Having listened to a number of Joe Hempel’s prior readings, Night Society fully met my expectations on the narration front. Hempel has a natural style, and his narration always makes for a smooth, easy listen. The production is professionally handled with no hiccups to speak of, and the audio is crisp and clear.

Night Society was my first encounter with Ibsen, and although it’s not a particularly unique or original find within the horror genre it is solidly entertaining and kept me interested throughout. I’ve little doubt that I will be giving this author another look in the future; in fact, knowing that Hempel has narrated a number of Ibsen’s other titles makes it a downright certainty.

[Audiobook provided for review by the audiobookreviewer.com]

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Review: Star Wars: Last Shot by Daniel José Older [audiobook]

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My rating: 4 of 5 stars

Set in the month's following Chuck Wendig's Aftermath trilogy, Daniel José Older explores the rise of a singular threat in a post-Imperial galaxy. In the book's opening moments, Lando Calrissian is attacked in his home on Cloud City by a mysterious hooded figure demanding the Phylanx Redux Transmitter, a mouthful of a galaxy-changing MacGuffin if ever there was one. While Lando doesn't possess this transmitter, he learns that its last known whereabouts were aboard the Millennium Falcon, leading him straight to his ol' buddy Han. Soon enough, the two scoundrels have assembled a new team to help them as they rocket across the galaxy in search of this mysterious device and a rouge evil scientist, Fyzen Gor, who Han encountered ten years previously.

The big draw behind Star Wars: Last Shot, of course, is Han and Lando themselves. Older does a remarkable job bringing Lando to life here, capturing the sleek, cool style of Billy Dee Williams, with a particular eye towards the character's penchant for fashion. Knowing that the clothes make the man, Lando's always been the best-dressed smuggler in the galaxy, and Older pays particular attention to that, as well, describing the man's careful deliberation when it comes to selecting his clothing for events and encounters, as well as a closet full of stylish and colorful capes.

Lando, of course, is off-set by his partner in crime, and Han is as rumpled and grumpy as ever as he tries to cope with fatherhood. With the Imperial Empire run off to the Outer Rim, Han is struggling with his place in life and the oftentimes stationary requirements of being a husband and father. He wants to roam free among the stars, and instead finds himself dealing with a screaming two-year-old whose sleep has been interrupted by noisome droids and urgent late-night calls for Leia. Of course, once free of familial commitments, Han longs to return. As a father of a two-year-old myself, I could sympathize with Han and his emotional and psychological state pretty well here, particularly as he attempts to soothe his distraught son and steps on a bunch of Lucasfilm's Lego-equivalent blocks.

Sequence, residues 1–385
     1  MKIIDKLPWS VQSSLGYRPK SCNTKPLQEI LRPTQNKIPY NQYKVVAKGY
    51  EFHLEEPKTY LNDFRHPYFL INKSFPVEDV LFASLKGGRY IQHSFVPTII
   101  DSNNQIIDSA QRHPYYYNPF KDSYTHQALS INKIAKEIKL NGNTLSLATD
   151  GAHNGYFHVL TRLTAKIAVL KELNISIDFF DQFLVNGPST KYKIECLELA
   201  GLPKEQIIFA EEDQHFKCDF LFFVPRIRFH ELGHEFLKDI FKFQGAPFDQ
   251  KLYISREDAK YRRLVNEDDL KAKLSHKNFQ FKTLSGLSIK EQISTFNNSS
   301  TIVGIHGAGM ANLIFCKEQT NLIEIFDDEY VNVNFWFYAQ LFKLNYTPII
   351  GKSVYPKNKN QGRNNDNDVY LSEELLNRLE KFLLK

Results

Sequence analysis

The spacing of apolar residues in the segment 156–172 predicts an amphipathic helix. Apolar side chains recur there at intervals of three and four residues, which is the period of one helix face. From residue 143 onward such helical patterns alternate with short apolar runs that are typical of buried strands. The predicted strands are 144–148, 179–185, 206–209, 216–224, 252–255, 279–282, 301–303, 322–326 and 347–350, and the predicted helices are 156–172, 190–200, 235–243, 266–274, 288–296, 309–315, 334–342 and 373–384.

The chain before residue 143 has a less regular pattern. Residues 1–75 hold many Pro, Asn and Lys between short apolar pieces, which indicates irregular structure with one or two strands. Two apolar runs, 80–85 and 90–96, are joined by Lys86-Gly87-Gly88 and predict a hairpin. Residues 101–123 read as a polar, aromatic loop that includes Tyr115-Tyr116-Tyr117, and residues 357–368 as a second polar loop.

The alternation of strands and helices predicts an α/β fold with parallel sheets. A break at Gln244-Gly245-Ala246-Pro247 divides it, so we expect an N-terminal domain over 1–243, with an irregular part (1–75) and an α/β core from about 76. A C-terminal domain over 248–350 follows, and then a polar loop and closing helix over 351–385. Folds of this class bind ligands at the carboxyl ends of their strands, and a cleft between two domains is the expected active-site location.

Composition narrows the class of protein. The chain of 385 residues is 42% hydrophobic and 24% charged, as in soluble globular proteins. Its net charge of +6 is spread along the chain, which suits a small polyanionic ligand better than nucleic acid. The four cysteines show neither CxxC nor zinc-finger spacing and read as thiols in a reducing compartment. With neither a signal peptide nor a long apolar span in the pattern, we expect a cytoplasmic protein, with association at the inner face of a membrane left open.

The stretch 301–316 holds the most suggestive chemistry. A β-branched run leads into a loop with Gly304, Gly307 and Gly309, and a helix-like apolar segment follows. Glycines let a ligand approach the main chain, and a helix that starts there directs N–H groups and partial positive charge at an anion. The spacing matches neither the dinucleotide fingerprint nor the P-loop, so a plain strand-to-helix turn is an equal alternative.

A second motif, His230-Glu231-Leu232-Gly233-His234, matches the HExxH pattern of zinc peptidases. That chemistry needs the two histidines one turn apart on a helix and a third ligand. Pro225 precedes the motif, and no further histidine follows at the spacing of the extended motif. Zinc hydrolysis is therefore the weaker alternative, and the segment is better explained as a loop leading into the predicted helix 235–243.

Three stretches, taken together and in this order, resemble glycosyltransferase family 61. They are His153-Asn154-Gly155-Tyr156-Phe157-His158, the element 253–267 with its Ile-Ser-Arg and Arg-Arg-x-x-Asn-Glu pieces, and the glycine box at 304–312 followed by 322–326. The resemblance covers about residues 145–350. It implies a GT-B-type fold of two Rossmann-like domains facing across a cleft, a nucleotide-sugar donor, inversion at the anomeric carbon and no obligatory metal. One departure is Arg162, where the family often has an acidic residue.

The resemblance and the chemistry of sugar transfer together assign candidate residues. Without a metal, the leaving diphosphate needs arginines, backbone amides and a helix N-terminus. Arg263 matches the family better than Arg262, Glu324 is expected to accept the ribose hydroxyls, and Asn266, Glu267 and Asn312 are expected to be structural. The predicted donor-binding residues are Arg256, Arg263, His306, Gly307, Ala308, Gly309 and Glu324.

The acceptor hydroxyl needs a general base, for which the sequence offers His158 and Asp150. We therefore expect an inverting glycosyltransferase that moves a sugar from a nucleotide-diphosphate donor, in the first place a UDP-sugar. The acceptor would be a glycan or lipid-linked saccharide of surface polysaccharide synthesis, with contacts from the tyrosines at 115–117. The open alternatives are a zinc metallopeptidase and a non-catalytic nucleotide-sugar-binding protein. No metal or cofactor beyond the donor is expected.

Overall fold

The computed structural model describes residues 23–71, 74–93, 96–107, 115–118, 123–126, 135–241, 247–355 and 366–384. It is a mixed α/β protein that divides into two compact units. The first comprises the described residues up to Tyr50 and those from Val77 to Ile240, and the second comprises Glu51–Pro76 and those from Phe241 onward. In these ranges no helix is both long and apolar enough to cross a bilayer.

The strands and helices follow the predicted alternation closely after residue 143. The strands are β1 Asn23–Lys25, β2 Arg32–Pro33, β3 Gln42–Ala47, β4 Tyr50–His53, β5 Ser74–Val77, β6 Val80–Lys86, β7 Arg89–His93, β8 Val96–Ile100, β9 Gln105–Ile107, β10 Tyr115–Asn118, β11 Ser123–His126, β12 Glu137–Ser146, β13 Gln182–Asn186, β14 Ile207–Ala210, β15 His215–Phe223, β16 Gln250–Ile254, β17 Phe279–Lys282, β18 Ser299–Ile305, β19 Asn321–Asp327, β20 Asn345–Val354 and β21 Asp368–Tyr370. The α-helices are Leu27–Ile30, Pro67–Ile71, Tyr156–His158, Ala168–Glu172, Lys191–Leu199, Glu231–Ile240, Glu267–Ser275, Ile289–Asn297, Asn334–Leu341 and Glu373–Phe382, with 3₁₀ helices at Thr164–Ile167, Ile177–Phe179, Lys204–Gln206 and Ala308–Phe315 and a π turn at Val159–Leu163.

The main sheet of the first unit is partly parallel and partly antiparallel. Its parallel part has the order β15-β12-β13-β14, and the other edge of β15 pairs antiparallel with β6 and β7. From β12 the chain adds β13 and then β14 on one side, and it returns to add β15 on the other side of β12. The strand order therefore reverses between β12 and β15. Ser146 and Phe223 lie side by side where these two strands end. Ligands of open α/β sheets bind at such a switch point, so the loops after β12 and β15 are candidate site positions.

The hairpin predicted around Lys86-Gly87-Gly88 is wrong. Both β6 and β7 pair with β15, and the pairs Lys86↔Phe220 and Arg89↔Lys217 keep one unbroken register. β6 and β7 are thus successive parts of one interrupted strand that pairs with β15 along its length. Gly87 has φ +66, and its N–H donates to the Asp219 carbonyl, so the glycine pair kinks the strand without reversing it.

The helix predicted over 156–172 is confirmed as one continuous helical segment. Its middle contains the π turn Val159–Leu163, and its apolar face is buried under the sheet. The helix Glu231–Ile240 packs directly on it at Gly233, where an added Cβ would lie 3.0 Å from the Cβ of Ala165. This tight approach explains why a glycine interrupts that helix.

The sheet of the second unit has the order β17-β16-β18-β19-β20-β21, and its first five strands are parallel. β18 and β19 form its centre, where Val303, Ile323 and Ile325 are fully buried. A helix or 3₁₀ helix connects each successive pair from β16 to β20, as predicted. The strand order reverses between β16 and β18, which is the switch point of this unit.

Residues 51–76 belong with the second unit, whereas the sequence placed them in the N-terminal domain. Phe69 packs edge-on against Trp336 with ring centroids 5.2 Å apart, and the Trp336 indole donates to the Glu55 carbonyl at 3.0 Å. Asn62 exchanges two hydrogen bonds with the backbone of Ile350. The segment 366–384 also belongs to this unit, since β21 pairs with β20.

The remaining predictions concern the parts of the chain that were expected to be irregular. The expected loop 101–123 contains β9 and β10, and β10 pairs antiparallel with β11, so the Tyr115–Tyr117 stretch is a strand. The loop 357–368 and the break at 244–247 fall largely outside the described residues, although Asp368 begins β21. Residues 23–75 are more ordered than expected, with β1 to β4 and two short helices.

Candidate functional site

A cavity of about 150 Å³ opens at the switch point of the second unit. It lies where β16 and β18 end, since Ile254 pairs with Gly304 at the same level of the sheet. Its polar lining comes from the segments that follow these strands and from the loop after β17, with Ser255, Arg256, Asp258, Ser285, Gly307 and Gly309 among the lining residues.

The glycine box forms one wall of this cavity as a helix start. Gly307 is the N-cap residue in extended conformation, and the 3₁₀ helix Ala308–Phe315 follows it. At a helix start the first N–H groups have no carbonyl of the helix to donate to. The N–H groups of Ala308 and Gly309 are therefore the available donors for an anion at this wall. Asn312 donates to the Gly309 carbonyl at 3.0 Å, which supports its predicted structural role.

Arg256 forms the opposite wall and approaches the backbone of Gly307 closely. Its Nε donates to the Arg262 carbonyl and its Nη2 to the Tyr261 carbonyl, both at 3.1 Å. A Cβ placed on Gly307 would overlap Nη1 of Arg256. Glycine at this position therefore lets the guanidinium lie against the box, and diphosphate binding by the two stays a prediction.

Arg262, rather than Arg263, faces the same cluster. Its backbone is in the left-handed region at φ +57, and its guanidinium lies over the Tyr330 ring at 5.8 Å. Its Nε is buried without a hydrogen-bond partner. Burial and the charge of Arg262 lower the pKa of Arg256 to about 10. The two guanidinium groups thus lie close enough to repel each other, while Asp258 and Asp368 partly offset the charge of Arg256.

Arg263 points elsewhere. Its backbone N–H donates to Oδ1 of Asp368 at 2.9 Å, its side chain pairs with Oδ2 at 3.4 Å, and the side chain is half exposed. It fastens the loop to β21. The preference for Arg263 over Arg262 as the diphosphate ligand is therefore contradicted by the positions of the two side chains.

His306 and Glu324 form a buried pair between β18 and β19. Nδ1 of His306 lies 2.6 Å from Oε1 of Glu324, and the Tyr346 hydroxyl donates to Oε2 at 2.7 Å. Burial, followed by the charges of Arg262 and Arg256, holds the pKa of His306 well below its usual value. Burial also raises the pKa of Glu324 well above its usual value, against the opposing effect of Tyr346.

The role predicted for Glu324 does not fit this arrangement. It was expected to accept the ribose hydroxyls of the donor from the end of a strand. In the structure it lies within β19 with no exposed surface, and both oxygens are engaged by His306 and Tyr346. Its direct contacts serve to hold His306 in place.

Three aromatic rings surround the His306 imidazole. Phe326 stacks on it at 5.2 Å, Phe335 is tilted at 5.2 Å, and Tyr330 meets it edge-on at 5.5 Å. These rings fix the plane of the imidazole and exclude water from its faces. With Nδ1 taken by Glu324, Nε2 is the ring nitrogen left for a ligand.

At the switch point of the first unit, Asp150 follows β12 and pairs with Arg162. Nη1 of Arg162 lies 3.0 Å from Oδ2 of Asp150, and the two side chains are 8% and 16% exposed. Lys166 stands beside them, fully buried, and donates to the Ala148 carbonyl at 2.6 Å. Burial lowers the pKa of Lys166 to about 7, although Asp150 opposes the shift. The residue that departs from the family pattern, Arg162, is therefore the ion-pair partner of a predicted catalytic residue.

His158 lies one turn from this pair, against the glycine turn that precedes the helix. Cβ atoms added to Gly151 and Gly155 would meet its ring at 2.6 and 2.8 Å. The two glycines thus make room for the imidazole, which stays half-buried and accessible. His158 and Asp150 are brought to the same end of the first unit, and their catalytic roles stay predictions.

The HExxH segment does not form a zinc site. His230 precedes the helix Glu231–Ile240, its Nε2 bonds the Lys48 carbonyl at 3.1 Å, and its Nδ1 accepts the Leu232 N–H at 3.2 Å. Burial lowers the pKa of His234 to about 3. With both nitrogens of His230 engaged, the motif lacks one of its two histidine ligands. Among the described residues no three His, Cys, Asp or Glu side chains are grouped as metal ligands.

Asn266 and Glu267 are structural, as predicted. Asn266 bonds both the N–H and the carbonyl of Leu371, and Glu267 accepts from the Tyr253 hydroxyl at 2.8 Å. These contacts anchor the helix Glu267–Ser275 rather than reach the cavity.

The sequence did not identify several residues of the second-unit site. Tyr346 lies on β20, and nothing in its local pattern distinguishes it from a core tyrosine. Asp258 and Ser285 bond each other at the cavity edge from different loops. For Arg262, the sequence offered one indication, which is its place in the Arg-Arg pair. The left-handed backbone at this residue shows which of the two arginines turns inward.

While Older gives us plenty of insight into Han and Lando, and injects a handful of new diverse characters into the Star Wars universe (an Ewok hacker, an agender pilot [as with Wendig's Aftermath trilogy, you can expect lots and lots and lots of pearl-clutching from the anti-diversity, cultural homogeneity-only crowd for this book, too!], a Twi'lek love interest for Lando), he's also sure to pack in plenty of action that help wrinkle the plot and stymie the search for the transmitter. There's also some intriguing looks at the results of Gor's Frankensteinian experiments and the cult that has formed around them. The story itself is unraveled across three time-lines, with the events of the present-day story informed by Lando's and Han's individual, and unwitting, encounters with Fyzen Gor and Phylanx Redux Transmitter in the previous decades.